I haven’t sent in my thesis yet, do you have the professor’s email?
In most cases, words like `what’ or `how’ start off an interrogative question, and in other cases, the sentences begin with a verb, and require a simple answer of yes/no.
Example of the latter includes;
Did you make breakfast for us?
Do you always speak so loudly?
Do you write your own lyrics?
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3. Exclamatory Sentences: These sentences are used when there are strong feelings that need to be highlighted for emphasis. Feelings here include shock, surprise, anger, frustration etc. Without explanatory sentences, a reader can skip any necessary weight attached to a particular word, and the point of the entire passage could be missed.
Take for instance, a person tells a story of how they saw a Christmas ghost in their dreams, and there are no exclamatory sentences anywhere in sight. You already know that ghost stories are largely dependent upon a surprise/shock factor. What happens then if the point is missed?
The similarity between exclamatory sentences, and declarative is that they both offer facts or opinions and can be answers to interrogation sentences. However, the major detail that sets apart explanatory sentences from declarative ones is that the former ends with an exclamation mark.
Here are a few examples:
Take that back!
She is such a great dancer!
Our mother is gone!
All the spoons are missing!
All of the above instances are short sentences, and while exclamatory have more effect as short sentences, there are long sentences that still qualify as exclamatory sentences. Here are a few of them;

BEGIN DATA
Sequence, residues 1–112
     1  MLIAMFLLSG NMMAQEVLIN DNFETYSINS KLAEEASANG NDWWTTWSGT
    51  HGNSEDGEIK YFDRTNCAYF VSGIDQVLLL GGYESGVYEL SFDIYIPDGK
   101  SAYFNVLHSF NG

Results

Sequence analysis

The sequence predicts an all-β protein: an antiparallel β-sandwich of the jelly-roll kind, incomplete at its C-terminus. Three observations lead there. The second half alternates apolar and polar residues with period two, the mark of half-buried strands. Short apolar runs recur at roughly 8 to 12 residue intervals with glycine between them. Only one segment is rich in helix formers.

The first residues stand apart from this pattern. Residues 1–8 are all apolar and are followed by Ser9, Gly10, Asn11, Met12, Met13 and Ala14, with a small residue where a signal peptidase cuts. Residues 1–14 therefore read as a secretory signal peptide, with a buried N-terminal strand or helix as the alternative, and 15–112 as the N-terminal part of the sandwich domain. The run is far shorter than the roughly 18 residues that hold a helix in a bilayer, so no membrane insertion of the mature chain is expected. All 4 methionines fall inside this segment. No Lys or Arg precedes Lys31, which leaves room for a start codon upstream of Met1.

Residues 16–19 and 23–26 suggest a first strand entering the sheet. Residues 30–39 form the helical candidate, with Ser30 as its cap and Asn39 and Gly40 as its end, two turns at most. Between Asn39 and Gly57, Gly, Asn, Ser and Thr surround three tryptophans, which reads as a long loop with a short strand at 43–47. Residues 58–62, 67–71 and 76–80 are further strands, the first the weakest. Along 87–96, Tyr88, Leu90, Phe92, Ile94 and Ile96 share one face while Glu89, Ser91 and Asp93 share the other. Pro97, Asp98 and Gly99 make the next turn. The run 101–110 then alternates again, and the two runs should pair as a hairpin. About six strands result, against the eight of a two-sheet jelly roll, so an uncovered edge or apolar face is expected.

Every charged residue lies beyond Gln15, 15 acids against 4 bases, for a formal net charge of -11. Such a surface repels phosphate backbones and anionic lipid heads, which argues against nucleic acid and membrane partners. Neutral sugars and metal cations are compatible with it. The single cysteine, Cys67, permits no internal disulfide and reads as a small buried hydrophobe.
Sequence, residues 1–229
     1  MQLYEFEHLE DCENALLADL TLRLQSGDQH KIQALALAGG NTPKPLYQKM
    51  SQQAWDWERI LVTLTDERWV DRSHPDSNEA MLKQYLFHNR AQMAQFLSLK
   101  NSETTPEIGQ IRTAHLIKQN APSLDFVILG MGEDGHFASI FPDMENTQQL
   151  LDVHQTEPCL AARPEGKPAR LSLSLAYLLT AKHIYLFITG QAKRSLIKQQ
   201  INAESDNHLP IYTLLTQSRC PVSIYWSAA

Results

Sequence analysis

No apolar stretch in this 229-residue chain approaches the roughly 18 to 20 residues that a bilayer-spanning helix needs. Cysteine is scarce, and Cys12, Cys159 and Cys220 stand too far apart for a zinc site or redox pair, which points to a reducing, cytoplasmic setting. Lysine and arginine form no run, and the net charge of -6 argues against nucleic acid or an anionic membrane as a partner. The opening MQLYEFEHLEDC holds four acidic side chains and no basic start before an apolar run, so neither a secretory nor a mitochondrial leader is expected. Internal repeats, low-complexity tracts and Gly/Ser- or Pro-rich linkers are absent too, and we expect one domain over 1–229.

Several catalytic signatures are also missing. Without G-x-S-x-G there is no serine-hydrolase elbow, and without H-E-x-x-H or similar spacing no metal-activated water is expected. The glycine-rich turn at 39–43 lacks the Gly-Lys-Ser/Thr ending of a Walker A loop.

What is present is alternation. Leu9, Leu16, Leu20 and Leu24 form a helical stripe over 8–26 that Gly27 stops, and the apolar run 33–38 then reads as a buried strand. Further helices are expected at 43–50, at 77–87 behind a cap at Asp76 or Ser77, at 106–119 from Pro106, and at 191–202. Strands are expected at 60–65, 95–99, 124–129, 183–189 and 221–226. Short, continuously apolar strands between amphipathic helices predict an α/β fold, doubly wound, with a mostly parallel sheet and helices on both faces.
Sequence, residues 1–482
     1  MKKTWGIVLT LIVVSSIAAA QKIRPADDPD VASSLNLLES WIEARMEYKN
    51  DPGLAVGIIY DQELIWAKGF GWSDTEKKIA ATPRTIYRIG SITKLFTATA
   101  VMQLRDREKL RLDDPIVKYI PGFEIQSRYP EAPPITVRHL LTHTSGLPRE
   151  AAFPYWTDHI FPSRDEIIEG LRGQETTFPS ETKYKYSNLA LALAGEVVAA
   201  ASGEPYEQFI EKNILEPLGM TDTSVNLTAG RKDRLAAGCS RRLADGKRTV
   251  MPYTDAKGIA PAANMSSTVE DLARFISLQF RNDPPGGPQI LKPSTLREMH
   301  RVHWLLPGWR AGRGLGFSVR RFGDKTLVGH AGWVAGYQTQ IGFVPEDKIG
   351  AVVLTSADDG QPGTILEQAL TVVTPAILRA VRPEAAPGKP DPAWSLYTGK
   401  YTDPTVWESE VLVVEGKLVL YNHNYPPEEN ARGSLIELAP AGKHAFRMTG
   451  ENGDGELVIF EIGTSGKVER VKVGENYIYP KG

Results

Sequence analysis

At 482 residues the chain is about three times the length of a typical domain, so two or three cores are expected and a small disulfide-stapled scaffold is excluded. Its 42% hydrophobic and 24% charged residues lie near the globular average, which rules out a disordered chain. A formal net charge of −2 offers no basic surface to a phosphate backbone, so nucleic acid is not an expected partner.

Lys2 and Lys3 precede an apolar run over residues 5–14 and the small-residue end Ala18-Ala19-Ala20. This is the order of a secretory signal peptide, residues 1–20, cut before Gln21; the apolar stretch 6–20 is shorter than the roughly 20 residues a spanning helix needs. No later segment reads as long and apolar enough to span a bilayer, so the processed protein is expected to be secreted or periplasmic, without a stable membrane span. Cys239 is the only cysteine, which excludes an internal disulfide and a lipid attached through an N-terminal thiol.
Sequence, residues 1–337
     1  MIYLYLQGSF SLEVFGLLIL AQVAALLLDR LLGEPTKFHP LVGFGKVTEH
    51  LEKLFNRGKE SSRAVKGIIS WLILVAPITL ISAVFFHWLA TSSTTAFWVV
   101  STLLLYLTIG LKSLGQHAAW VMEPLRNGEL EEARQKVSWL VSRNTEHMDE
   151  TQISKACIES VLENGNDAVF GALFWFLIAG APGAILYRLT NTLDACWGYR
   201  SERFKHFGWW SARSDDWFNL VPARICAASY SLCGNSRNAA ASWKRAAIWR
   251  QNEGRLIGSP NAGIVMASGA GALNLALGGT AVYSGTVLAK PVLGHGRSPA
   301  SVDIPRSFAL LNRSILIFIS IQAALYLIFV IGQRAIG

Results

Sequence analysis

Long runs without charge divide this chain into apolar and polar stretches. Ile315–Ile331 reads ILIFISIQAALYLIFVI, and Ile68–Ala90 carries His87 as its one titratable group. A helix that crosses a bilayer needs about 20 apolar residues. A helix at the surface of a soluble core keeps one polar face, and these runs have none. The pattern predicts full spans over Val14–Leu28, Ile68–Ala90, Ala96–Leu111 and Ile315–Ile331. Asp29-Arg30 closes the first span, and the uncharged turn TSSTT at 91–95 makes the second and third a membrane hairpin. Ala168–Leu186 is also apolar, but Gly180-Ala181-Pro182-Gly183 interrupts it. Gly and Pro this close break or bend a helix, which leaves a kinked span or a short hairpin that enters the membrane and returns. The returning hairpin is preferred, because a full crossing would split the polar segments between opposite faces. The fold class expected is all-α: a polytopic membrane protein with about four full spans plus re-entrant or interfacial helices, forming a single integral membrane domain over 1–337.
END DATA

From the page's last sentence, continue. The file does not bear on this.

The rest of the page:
I didn’t think I would get the fellowship, but my acceptance mail just arrived!
You do not only get a wealth of knowledge as an intern here, you also get free lunch!
I know you have always dreamt of meeting Ed Sheeran, so I bought you tickets!
Side bar: we do not recommend the use of exclamatory sentences in any official paper or journal. You could state exactly how you feel, each time using clear and concise sentences instead.
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4. Imperative Sentences: Interactive sentences are sentences that offer solutions or commands. You could be urging a relative to try certain things, or maybe just giving out instructions on what needs to be done, you are most likely using imperative sentences.
Some sentences under this category are more forceful than others. The tone simply determines whether a period or exclamation tag should end the sentence.
For imperative sentences ending with a period, here are some examples:
Ensure that you cover the pot when you dish out your meals.
Grab the spatula for me.
Please rinse the plates after washing.
For sentences with exclamation tags;
Turn off the television now!
Stop staring at the lady!
Take your medication immediately!
Remember that an imperative sentence can easily look like an exclamatory sentence or a declarative one. The three keys to identifying them are; tone, instructive content and their lack of a subject.
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In conclusion, sentences are the most basic bits of a piece of writing. Poorly constructed sentences can make for a terribly written paper. Other important aspects of writing like diction or tenses or verbal construction are built around sentences. The point of this entire article is really just to make you better at constructing sentences for better results.
Edeh Samuel Chukwuemeka ACMC, is a Law Student and a Certified Mediator/Conciliator in Nigeria. He is also a Developer with knowledge in HTML, CSS, JS, PHP and React Native. Samuel is bent on changing the legal profession by building Web and Mobile Apps that will make legal research a lot easier.